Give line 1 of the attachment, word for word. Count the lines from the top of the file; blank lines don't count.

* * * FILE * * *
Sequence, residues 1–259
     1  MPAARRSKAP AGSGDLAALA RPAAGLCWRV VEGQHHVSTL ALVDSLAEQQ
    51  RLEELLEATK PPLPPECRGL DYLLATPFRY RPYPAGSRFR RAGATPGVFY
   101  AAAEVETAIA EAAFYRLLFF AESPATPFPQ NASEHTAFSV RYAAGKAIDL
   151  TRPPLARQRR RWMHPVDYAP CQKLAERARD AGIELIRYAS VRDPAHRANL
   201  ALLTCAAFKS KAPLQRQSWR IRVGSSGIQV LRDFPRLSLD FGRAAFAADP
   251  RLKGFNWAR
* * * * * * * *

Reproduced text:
Sequence, residues 1–259